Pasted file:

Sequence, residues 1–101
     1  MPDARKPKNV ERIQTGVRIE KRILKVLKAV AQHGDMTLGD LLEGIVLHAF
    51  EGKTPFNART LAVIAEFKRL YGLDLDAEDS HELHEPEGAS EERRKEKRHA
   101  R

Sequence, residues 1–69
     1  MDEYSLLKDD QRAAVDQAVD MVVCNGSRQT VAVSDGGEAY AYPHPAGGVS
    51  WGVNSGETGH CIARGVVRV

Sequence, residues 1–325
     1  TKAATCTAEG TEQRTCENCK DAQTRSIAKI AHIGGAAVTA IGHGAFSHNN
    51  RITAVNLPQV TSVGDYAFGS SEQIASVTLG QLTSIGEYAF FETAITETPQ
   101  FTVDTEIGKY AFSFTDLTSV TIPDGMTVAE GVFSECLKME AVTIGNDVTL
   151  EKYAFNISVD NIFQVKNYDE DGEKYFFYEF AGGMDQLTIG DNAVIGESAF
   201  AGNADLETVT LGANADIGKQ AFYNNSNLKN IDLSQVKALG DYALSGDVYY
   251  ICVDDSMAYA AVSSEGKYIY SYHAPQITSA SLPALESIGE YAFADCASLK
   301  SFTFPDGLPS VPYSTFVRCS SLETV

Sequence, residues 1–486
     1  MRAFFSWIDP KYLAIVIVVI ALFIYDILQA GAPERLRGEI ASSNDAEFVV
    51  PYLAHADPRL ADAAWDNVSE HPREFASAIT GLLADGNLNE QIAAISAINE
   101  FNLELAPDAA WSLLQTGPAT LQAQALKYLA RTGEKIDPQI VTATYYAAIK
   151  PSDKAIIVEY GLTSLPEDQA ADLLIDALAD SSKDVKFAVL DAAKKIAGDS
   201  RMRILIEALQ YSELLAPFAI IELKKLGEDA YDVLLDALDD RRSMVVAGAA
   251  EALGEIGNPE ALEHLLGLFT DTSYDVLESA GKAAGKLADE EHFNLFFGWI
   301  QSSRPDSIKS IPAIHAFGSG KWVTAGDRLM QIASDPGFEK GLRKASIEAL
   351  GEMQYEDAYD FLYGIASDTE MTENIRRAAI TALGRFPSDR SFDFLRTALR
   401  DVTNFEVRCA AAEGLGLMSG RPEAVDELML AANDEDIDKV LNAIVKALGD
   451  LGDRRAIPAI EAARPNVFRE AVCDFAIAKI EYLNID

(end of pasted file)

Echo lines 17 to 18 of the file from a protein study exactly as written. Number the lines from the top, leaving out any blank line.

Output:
     1  MRAFFSWIDP KYLAIVIVVI ALFIYDILQA GAPERLRGEI ASSNDAEFVV
    51  PYLAHADPRL ADAAWDNVSE HPREFASAIT GLLADGNLNE QIAAISAINE